Natya Vriksha's riveting salutation to dance matters
Photos courtesy: Natya Vriksha
May 10, 2017
Thoughtfully planned, each year's festival mounted by Natya Vriksha in association with the IIC, to celebrate World Dance Day, has had something original to offer. This year's two-day event began with well known critic and arts columnist Shanta Serbjeet Singh being conferred the first Natya Vriksha Lifetime Achievement Award for the many years of contribution to dance writing.
Sunil Kothari, as Kapilaji left early for another appointment, with historic photographs from his collection, recollected his early journey into dance writing - and what with his meeting with great people like Joseph Campbell, veteran dancers like Ramgopal, Indian gurus, western figures like Rudolf Nureyev, and aspects like his being tutored in the social mores by the oldest Jhaveri sister, his closeness to people like Kamaladevi, his meeting with Rukmini Devi, his lec/dem sessions arranged for the Mumbai public, his Bharatanatyam learning under Kalyanasundaram Pillai et al. - it was a most nostalgic peep into budding dance activity of those days.
Also very pertinent was the talk by Dr. Sheela Nambiar on lifestyle for preserving the body of a dancer with all the wear and tear. How to correct muscle imbalances, to increase body stamina and endurance, to develop 'body intelligence' by knowing your body thoroughly, and how to practise with weights to keep the body fit with less fat and more muscle, without gaining weight and how to ensure all round physical, social, emotional well being, hers was a very rounded talk. The number of queries after the lecture showed how very significant the topic was.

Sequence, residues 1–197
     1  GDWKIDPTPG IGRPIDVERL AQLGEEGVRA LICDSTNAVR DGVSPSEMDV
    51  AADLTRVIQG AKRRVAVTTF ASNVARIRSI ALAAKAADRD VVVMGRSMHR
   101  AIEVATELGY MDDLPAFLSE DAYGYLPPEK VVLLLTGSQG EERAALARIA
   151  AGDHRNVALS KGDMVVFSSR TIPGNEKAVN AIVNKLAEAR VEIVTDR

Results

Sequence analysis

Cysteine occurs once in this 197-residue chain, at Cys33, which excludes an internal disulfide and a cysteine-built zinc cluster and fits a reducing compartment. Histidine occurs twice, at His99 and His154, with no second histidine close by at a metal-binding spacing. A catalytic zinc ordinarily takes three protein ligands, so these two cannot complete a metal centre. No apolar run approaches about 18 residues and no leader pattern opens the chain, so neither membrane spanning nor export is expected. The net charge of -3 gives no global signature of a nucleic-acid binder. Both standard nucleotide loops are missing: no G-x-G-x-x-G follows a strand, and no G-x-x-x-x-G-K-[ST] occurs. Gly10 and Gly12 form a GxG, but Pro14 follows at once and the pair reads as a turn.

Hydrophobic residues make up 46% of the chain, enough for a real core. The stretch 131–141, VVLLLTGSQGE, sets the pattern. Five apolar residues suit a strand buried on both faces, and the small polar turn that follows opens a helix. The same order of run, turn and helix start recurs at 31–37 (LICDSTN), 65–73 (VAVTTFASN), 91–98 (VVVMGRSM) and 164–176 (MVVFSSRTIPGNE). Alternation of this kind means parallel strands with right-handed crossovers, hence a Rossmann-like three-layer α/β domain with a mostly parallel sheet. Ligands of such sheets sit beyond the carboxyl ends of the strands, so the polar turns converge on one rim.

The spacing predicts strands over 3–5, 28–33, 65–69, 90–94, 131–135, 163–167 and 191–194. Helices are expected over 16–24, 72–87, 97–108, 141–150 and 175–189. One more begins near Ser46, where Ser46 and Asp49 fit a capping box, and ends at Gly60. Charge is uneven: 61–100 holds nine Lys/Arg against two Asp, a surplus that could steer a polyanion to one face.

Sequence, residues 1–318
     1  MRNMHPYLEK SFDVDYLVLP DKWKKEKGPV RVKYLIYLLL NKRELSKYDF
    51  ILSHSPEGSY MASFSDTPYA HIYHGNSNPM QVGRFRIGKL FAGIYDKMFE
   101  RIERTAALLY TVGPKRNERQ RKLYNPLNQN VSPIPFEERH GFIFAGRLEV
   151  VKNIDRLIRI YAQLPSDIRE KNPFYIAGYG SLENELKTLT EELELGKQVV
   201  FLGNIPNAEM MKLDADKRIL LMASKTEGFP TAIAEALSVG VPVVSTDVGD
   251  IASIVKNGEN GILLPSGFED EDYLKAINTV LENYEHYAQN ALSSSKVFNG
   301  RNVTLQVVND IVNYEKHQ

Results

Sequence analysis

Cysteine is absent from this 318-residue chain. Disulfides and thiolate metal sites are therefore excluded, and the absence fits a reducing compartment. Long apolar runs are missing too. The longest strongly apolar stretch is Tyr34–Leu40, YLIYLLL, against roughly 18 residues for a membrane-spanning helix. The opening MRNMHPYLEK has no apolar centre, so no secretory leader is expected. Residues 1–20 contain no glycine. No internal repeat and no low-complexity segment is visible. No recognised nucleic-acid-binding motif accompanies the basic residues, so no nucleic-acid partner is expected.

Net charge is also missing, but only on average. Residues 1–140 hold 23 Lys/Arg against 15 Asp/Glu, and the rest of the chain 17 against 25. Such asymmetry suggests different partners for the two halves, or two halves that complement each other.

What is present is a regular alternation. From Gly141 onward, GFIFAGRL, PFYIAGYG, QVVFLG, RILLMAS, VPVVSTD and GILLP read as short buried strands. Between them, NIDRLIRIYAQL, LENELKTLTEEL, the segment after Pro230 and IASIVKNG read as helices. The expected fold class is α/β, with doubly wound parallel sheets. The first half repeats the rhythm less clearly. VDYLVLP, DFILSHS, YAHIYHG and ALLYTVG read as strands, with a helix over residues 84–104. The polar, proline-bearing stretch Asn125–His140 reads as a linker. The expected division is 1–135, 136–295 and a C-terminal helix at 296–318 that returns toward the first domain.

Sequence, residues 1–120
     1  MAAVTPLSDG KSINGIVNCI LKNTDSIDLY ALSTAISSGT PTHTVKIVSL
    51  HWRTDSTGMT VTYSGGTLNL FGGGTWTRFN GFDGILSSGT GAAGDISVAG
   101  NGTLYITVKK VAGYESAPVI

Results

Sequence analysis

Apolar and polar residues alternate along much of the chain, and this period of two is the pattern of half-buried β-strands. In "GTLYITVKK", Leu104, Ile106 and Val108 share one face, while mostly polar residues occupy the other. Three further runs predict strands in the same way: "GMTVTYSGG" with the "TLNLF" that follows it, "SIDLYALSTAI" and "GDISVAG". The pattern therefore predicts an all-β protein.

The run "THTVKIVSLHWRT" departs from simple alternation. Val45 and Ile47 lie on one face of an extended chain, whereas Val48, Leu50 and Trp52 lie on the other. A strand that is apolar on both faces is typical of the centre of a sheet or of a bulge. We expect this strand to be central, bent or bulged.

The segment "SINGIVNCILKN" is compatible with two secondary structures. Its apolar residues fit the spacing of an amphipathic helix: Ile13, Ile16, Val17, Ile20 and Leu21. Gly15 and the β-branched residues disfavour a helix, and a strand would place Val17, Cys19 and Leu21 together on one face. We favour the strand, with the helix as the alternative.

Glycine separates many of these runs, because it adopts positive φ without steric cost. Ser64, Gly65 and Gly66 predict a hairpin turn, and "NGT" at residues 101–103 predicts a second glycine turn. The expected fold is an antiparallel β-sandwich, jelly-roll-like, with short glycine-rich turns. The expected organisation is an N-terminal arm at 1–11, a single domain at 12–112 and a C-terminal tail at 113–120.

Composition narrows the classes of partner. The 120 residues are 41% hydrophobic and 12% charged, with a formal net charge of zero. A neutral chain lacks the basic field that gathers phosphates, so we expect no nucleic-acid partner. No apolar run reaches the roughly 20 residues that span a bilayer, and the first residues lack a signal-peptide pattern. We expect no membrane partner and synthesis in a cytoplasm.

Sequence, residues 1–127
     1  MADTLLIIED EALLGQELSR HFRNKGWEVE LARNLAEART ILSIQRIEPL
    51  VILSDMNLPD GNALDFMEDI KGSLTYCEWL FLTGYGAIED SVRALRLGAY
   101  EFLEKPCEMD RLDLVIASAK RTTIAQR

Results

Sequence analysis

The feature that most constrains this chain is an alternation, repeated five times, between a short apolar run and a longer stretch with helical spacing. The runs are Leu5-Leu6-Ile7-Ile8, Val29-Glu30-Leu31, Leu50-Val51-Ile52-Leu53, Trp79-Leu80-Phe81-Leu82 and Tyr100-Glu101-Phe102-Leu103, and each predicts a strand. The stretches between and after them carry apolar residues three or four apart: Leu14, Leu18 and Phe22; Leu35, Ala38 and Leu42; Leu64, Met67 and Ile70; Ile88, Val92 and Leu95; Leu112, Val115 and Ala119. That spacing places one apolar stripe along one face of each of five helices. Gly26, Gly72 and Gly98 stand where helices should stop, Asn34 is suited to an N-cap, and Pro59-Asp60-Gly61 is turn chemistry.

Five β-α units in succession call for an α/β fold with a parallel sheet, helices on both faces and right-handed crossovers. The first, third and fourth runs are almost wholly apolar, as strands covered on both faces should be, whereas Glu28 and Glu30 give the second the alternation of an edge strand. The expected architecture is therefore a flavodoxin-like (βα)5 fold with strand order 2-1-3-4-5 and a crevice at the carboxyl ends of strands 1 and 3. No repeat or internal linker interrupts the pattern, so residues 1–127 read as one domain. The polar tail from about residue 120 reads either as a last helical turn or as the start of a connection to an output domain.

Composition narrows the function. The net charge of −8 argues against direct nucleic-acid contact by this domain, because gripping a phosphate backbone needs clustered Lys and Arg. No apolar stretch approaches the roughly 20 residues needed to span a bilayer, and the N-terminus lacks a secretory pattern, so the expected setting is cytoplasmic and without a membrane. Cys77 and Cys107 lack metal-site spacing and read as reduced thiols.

Bharatanatyam workshop with Geeta Chandran
Chhau workshop with Sashadhar Acharya
As for the two workshops, one in Bharatanatyam led by Geeta Chandran and the other in Chhau presided over by Seraikella Guru Sashadhar Acharya lured more participants than the modest space of the IIC could accommodate. It proved that dance ultimately has to be a source of joy for the participants.